Smaller banks can’t be afraid to think differently
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Smaller banks can’t be afraid to think differently

das Logo der Marke "Apple" mit dem Slogan "Think different", Berlin.

Niche currencies and alternative formats can help lower costs and provide diversification

The pressure is set to build on smaller banks as they resume bond funding programmes en masse after years of gorging on cheap central bank liquidity.

For now, borrowers are willing to pay inflated prices to secure a deal. Even for the most vanilla of trades, smaller names still have to pay a massive illiquidity premium — up to 150bp-200bp in some cases.

With the need for bond market funding likely to step up, smaller firms should not be afraid to think a little differently and use every trick in their funding toolkit to shave down these wildly wide spreads and land the cheapest possible deal. Niche currencies and formats beyond standard senior paper provide alluring alternatives.

Small trips abroad

The bank bond market does not begin and end with euros and dollars — there are almost 180 other currencies that borrowers could take a chance on. Of course, not all of these are viable (it is highly unlikely that any European bank would choose to fund directly in Uzbek som). But there are a handful that could repeatedly offer an attractive alternative avenue of funding.

National champions regularly tap the Swiss franc, Aussie dollar and yen markets, for instance, and their second and third tier brethren should take notice. Not only have these markets offered some competitive arbitrage this year, but they have also provided a key source of investor diversity.

And although setting up foreign currency programmes might be pricey or challenging for smaller banks, they bring immense and long-lasting benefits. Launching a foreign currency programme can require internal sign off, in-depth investor relations work, and in some cases even local regulatory approval — but once the hard work is done, the framework is ready to be deployed when needed.

Foreign currency programmes allow smaller borrowers to tap a drastically different investor base to the one it might usually access in its home market. And having access to a wide and diverse spread of investors should prove useful as bond funding ramps up.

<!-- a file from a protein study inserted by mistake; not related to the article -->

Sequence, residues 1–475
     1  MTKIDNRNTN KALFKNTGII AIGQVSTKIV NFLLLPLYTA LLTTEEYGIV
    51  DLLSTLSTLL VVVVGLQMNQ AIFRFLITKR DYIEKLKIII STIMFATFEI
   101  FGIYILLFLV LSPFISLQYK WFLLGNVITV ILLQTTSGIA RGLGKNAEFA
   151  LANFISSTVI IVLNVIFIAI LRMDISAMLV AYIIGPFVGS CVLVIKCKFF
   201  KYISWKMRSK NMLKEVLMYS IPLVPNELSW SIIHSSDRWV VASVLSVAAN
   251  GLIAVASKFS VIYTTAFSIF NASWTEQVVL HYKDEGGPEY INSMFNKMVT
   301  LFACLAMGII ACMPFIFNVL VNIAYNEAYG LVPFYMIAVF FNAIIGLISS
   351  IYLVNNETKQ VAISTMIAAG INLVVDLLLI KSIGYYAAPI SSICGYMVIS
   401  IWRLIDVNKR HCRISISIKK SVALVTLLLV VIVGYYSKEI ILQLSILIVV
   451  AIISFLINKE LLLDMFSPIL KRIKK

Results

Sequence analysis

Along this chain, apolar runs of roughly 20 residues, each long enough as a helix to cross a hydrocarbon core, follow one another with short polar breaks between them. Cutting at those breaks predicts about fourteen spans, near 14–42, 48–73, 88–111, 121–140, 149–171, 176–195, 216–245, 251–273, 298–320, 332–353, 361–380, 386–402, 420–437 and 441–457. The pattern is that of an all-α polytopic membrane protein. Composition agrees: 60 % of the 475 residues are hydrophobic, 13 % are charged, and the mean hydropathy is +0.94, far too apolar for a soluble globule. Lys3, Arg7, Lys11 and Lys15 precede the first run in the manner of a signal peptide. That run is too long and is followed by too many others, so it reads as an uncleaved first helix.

The investor universe for these names is smaller — across markets — compared to larger top tier cousins. As banks resume bond funding, there is a risk that investors could quickly exhaust their lines. Here, having access to an alternative market could provide a vital alternative outlet.

Furthermore, the bar for what passes as a significantly sized deal in niche markets is a lot lower than in core currencies. Although shallower than their larger cousins, the smaller sizes offered by niche currency markets can suit second or third tier borrowers well. For instance, the minimum size for inclusion in the Swiss Bond Index is only Sfr100m (€103m) — a far cry from the €500m plus required in euros.

Cheaper prints at home

Of course, thinking differently does not necessarily equate to venturing abroad. There are options for those unable or unwilling to issue outside of their home market. Smaller borrowers could consider lowering their funding costs or widening their investor base through issuing labelled or asset-backed debt.

Many smaller firms already pair their senior unsecured issuance with green, social or sustainability labels. Although the greenium might not always manifest itself in a tighter spread or lower final yield, there is still a captive audience of investment funds with ESG mandates hungry to snap up a deal.

Alternatively, banks could be well served by venturing higher up the capital stack and issuing secured paper, if they do not need to issue debt for regulatory reasons. The cost savings for all issuers — smaller ones in particular — are huge: on Tuesday, the spread between the iBoxx euro covered bond and bank senior debt indices sat at 85bp.

And with bond market funding needs increasing as banks refinance their maturing central bank liquidity, many borrowers are already preparing to return to the covered and asset-backed securities markets in search of the cheapest possible source of funding.

The Co-operative Bank, for instance, is set to dust off its RMBS and covered bond programmes in the next 12 months. The UK lender has focussed its funding efforts on the far more expensive senior unsecured market since 2021 — just last week it paid 9.5% to land a £200m five year non-call four green senior bond at the holding company level.

Although the Co-op's corporate and strategic development director Gary McDermott told GlobalCapital last week that the programme would not be ready until the third quarter, when it is then funding via secured debt will ultimately be cheaper than issuing reams of senior unsecured paper.

If the asset pool is there, why not dive in?

Like their larger peers, smaller banks are finally weaning themselves off the cheap central liquidity that has kept them going over the last few years: eurozone banks are already repaying their targeted longer-term refinancing operations (TLTRO) holdings, while in the UK repayments for the Term Funding Scheme with additional incentives for SMEs (TFSME) are set to start next year.

Although large chunks of this rollback will come from banks draining down their robust liquidity coverage ratio (LCR) levels, it will still have to be supplemented with increased bond issuance. And as these firms step up their wholesale bond funding, they should look to use every trick in their book to ensure they get the best — or cheapest — possible deal done.

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